Bleg: Best academic job market advice and resources?

I’m putting together a set of resources for Harris PhDs, and I know some of the good stuff out there, but probably not as much as my readers.

In addition to economics and political science market advice, pointers to job advice for other professional schools (education, public health, law) are welcome.

Also welcome is advice on non-academic positions: consulting, government, beltway bandits, etc.

Or, if you have original advice to offer, please add to the comments or email me.

In addition to advice, please point me to (or share) templates for submission materials, examples of web pages, etc.

The comments section to this post will hopefully become a useful resource, and I will integrate what I find into my job market and other advice posts (at right), as a public good for all.

12 thoughts on “Bleg: Best academic job market advice and resources?

  1. +1 to Rachel’s comment! Because of her presentation at an IGC Growth Week a few years back, I decided I was better positioned in policy, rather than academia.

  2. A few things I would suggest include:
    I’ve put together some great resources on jobs in change
    One is For Academic Positions https://pcdnetwork.org/resources/top-sites-for-finding-academic-jobs-in-conflict-resolution-development-and-related-fields/
    The Second is the best meta list in the world of jobs in change https://pcdnetwork.org/resources/worlds-top-meta-list-of-job-sitesresources-in-social-change-social-impact-development-peacebuilding-and-related-fields/
    Third is pcdnetwork.org the social enterprise I founded (as a former academic 10 years at Georgetown have just left GU to focus on scaling GU full-time)

  3. I recommend the book “The Professor is In” for advice about preparing for and surviving the job market.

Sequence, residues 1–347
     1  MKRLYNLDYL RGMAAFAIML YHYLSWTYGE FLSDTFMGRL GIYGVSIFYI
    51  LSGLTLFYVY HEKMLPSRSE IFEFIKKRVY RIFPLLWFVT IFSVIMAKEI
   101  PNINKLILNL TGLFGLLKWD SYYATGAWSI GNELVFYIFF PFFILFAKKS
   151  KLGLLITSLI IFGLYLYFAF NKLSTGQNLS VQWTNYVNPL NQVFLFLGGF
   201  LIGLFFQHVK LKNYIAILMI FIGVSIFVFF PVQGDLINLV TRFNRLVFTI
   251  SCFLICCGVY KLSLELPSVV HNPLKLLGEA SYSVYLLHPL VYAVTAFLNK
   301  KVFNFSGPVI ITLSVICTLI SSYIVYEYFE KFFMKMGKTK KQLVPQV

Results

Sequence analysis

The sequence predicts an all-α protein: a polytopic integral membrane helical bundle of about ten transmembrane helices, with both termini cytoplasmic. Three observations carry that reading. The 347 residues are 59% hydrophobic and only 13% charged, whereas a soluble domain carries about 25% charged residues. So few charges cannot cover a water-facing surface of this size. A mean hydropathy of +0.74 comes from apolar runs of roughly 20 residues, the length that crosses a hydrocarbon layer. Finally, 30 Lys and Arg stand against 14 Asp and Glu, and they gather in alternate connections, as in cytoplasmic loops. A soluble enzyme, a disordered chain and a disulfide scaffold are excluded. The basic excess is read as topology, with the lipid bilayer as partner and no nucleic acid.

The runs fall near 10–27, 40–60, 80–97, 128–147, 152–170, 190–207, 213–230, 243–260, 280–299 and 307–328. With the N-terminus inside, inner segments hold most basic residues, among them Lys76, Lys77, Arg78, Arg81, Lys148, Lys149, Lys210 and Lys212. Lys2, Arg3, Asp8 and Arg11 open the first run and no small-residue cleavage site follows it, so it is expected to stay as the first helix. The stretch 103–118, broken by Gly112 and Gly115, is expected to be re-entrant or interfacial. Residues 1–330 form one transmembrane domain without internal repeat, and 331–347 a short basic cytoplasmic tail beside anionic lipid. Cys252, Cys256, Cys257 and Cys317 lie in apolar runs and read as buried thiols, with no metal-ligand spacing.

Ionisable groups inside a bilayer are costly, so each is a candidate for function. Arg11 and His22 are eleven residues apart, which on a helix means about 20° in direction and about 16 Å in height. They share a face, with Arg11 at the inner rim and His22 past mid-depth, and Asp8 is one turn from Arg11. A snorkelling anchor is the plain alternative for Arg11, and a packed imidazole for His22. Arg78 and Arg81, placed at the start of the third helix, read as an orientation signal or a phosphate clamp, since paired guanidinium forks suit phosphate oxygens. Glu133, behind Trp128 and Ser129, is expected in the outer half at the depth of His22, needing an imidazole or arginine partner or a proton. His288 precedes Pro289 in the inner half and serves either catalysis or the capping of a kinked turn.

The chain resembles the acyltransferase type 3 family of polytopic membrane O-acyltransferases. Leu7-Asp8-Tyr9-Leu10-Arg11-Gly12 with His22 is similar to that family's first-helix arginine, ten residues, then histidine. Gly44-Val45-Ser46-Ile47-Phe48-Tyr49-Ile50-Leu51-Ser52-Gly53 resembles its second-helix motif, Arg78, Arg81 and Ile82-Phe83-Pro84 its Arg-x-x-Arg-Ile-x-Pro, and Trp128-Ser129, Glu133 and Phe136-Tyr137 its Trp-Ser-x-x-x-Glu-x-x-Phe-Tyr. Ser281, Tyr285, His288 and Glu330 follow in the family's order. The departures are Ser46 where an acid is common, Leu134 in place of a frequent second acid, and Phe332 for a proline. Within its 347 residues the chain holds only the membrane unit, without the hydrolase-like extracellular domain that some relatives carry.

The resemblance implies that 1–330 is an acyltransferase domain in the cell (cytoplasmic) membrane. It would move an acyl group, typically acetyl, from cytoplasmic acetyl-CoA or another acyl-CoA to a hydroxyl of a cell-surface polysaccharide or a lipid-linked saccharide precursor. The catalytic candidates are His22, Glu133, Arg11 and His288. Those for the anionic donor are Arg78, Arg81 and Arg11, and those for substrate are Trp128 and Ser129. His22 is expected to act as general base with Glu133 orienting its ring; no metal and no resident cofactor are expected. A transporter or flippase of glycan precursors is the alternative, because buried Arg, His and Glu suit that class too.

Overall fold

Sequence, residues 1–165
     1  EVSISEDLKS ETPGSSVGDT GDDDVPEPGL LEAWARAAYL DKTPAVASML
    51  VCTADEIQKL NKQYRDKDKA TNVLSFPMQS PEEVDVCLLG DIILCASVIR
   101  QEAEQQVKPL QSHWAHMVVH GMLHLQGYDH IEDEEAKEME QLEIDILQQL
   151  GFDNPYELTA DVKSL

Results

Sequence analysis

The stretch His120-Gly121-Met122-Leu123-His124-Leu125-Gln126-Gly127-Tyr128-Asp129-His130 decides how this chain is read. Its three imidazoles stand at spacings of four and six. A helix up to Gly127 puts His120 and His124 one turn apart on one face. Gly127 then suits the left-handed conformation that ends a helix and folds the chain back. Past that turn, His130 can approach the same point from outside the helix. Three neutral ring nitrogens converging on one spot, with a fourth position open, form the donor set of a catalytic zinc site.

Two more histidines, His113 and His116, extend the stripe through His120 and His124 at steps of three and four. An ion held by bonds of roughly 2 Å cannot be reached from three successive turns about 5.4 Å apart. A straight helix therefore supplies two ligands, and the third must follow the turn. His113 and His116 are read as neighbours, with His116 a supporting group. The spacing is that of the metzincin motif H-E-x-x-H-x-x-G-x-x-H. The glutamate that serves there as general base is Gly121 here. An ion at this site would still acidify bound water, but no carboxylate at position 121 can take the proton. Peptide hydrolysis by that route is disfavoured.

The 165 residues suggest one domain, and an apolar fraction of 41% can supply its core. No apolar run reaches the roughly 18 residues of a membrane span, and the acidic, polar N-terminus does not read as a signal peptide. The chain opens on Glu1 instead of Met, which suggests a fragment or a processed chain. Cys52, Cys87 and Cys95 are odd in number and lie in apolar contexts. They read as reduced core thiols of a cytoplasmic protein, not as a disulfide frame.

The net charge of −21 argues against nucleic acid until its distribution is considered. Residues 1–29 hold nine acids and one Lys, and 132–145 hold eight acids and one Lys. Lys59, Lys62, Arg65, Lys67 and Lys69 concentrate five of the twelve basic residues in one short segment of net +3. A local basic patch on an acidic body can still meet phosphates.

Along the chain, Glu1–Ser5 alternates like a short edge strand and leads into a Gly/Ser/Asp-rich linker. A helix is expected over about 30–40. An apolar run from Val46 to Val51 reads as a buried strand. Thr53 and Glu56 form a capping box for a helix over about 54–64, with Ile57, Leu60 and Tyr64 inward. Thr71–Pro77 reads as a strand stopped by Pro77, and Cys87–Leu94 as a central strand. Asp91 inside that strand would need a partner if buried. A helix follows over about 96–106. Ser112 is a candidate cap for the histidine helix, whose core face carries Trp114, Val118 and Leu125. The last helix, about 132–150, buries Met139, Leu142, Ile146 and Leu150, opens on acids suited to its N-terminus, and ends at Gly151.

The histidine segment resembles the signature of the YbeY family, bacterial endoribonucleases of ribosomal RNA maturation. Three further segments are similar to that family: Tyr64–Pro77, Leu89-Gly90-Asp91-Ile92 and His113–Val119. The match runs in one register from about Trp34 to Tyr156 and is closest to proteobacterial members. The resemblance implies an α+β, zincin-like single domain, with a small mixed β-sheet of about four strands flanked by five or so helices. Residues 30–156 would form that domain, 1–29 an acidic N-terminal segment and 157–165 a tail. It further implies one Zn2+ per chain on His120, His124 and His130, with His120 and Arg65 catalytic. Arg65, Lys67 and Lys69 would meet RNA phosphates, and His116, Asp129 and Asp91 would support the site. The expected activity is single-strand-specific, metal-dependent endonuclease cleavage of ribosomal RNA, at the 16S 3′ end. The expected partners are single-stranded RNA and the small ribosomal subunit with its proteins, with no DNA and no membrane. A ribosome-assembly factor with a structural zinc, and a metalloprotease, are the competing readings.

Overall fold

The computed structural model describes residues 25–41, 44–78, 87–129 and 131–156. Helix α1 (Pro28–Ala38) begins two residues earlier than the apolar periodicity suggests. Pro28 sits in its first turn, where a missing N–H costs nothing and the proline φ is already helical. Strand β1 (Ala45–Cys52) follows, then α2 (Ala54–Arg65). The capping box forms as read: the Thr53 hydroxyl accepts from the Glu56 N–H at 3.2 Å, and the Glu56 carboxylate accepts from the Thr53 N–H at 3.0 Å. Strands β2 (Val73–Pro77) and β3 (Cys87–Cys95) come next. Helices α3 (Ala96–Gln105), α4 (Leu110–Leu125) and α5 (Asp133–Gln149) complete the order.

4. The most important thing that students don’t realize: to be ready for the academic job market, you need to start preparing at least two years before you apply to a job. Think backward:
    – September of year Y: application. At that stage, you probably want a publication.
    – June (Y): you get the acceptance for your paper.
    – March (Y): you re-submit your R&R.
    – December of year Y-1: you receive an R&R.
    – September (Y-1): you submit your paper.
    – August (Y-1): you have a polished draft to send (but the editor is on holiday).
    – May (Y-1): you receive final comments and work to finalize the draft.
    – March-April (Y-1): you present the paper at conferences, and edit your draft.
    – January (Y-1): you have a first draft.
    – October (Y-2): you start working on the paper.

    So you need to think two years ahead.

    Another piece of advice: I don’t think people should be shy about pursuing non-academic careers. In fact, the department should help get good non-academic jobs.

  5. Great idea, looking forward to reading the comments. Would be keen to get some advice on transferring from a specific [non-academic] industry to another (in my case, from international arbitration lawyer to policy / sci pol / political advisory etc. – switching seems to be a lot harder than I initially expected).

  6. I wrote a blog post called “How to Find a Job in Statistics”. Much of the advice is actually general advice on career development and the importance of networking, but most employers and career advisors tell me that this is the advice that statistics students need to learn the most.

    Based on the feedback that I have received about this advice column, this unfamiliarity to networking as a skill is quite prevalent among math and science students.

    https://chemicalstatistician.wordpress.com/2014/01/13/how-to-find-a-job-in-statistics-advice-for-students-and-recent-graduates/comment-page-1/